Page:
Its been 20 days now since Veganuary ended and I began consuming animal products again after a month without them. How do I feel? Not so great.
Aside from the physical aspects, its my moral code that is most afflicted.
In the first few days I consumed only some animal products. But quickly convenience took over, pure and simple laziness. I didnt really miss many of these foods. I wasnt eager to eat chicken again. But I did.
I have always been an all or nothing kind of girl. It was easier for me to be vegan for a whole month than it was for me to be vegan twice a week. All the issues I wrote about, all the horrors and injustices, forgotten. Washed away in a sea of ranch dressing….
I heard a TED talk recently and one thing the speaker said, which really stood out to me was ” familiarity is the gateway drug to empathy”. Simply put, the closer something hits home for you, the more you can relate. But I think it goes beyond that.
We often assume to know how we would deal with certain situations in our lives, should they arise. An unplanned pregnancy for example. Almost everyone has a opinion on the subject of abortion. Could they do it? Is it morally wrong?
I am not opening up that can of worms, but it is an example of where our morality may bend to fit our needs. Or maybe we just bend, morality intact.
A member of my family is currently incarcerated. He did something bad to someone else. A lot of people would say he is a monster. But to me he is not. Because he is my family, because of my familiarity to him, I could see this story differently. I could empathize. I could see how his illness related to my own. But does this change my morals? Once I realized I could empathize with him , suddenly the bar had shifted. Was there really good and bad people? Or just good and bad acts? And who decides?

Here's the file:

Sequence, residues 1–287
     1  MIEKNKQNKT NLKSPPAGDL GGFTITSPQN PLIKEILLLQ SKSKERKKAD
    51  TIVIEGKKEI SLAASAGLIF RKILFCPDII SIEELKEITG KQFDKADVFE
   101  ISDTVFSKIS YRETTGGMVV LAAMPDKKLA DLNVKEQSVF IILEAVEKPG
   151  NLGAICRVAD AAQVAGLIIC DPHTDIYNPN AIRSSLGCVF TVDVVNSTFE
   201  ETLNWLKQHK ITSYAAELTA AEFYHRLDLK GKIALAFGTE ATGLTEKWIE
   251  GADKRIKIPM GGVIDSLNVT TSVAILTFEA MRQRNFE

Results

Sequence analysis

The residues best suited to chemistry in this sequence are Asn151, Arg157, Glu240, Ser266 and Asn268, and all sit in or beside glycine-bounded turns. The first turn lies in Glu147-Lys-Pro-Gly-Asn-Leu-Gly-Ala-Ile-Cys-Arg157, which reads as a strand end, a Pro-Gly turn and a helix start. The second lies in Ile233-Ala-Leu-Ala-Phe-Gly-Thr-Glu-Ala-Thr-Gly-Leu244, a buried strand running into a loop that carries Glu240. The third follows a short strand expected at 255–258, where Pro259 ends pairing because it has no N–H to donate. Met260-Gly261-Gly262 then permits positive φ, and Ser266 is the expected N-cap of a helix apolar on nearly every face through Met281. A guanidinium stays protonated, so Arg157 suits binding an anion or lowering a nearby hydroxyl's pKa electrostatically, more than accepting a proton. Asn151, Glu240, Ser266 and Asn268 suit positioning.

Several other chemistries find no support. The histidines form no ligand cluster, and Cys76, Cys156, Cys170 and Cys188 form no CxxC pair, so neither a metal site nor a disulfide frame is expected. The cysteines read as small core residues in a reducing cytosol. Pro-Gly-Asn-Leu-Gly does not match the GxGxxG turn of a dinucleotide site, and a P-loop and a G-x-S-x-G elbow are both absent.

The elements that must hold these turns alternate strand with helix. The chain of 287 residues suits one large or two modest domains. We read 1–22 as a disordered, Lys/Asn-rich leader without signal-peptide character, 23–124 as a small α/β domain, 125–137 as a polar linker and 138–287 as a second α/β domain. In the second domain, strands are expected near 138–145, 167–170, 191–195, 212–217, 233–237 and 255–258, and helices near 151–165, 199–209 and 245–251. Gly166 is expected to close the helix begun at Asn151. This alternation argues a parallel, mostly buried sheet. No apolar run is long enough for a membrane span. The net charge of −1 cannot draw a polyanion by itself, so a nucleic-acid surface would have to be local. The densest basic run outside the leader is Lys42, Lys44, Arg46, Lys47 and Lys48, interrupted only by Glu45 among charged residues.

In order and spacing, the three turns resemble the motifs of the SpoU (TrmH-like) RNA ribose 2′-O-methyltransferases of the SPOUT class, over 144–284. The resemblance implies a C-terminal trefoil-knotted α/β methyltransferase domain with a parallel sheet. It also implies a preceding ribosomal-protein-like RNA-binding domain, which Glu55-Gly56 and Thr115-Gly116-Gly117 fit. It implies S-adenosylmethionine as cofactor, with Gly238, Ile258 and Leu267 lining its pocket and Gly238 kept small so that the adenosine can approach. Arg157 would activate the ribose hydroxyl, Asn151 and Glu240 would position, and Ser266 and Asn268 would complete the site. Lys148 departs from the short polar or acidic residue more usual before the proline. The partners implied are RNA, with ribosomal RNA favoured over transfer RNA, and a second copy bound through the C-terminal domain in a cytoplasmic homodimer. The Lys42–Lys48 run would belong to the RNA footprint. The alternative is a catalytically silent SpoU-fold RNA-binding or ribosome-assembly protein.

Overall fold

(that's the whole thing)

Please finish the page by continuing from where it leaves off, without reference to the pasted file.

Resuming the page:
Murder is wrong. And yet, we as a country, as a species do it all the time. We kill in the name of war. We kill in the name of peace, we kill in the name of justice. We kill for revenge, for punishment.
Now, if you live in canada like me, you know we do not support the death penalty. But under the right circumstances, almost all of us could be driven to cry out for revenge. If someone hurt someone we loved. Or say, a school full of children. We would not sympathize with a child killer. We would want them dead, tortured or worse. But isnt that wrong?
Back to the subject of veganism. When I wasnt surrounding myself with it, I began to turn off or turn down the voice that told me killing and eating animals the way we do is wrong. I was able to turn on my ignorance because I fit my needs. Occasionally it would pop back up. A real trigger seems to be when people put some animals on a pedestal, and others on the chopping block. How we can love our pets like they are our own family, how they show us their personalities and individuality. And how we convince ourselves that it is not the same way with “farmed” animals. If I took one of those tiny tea cup piglets and tied it up, and locked it away, if I hurt it in any way, if I killed it, you would call the police on me. You would call me monster. If I kicked your dog, you might just punch me in the face.
But its different you say.
But is not really, is it? Its just bending our morals.